News / Utah / 

Program works to keep art of books alive

Program works to keep art of books alive



This archived news story is available only for your personal, non-commercial use. Information in the story may be outdated or superseded by additional information. Reading or replaying the story in its archived form does not constitute a republication of the story.

Jed Boal reportingIn a world in which the computer commands so much of our attention, some books stay on shelves, ignored. But a unique program at the University of Utah aims to keep the art and history of the book alive.

We're talking about rare editions, books as collectibles and books as art. A workshop this weekend at the University of Utah attracted students who focus on books as an enduring craft.

Program works to keep art of books alive

Becky Thomas, a book arts student, layers ink on paper with a flatbed press, creating a one-of-a-kind book. "I like being able to have the texture of the pages turning, and how the text feels when you run your fingers over it, as part of whatever writing I do," she said.

In the Book Arts Program the emphasis is on the book as art--keeping a craft alive while merging the traditional with new technology. "The book is an arena where multimedia can combine. Anything can happen on the pages," explained Marnie Powers-Torrey, studio manager for the Book Arts Program.

It's a bound book in the traditional sense, or the book as a sculpture, even a creative current in our culture. Students learn the basics of bookbinding, including design and construction of the traditional book. They also push the boundaries with creative approaches.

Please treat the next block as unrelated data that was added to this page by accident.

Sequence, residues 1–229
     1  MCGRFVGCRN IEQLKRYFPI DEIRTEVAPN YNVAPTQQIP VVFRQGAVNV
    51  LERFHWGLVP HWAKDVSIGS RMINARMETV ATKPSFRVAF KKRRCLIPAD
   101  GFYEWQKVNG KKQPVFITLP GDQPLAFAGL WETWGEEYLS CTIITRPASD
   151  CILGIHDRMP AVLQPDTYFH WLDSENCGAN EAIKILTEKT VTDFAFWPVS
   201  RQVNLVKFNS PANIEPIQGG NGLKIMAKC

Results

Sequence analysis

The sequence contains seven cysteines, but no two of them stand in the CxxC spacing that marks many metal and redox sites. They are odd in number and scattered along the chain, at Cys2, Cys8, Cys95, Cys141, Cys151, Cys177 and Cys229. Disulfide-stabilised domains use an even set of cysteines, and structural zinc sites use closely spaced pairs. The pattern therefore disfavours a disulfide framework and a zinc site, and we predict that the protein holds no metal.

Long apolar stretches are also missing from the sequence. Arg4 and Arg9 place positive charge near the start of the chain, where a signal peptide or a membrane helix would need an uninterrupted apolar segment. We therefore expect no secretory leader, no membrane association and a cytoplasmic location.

Program works to keep art of books alive

"The book form is something we all know and are intimate with, thus the attraction for most people," Powers-Torrey said.

Keeping this craft alive takes a lot of passion and commitment. Most of the machines they use haven't been made since the ‘70s.

"All of your senses are participating in the book and the project, not just typing into a computer," Thomas said.

Book artist Sara Langworthy shared her innovative work with students. She creates artists books with historical presses and some of her own techniques.

As for the future of books, it's not necessarily about finding information. "People could find the information on the Internet most of the time, but that's not where everyone wants to go. There's nothing like handling a book, turning the pages. The experience is different and always will be," Powers-Torrey said.

The Book Arts Program will hold another workshop at the end of the month. If you'd like to check it out, click the related link.

E-mail: jboal@ksl.com

Related Links

SIGN UP FOR THE KSL.COM NEWSLETTER

Catch up on the top news and features from KSL.com, sent weekly.
By subscribing, you acknowledge and agree to KSL.com's Terms of Use and Privacy Policy.

KSL Weather Forecast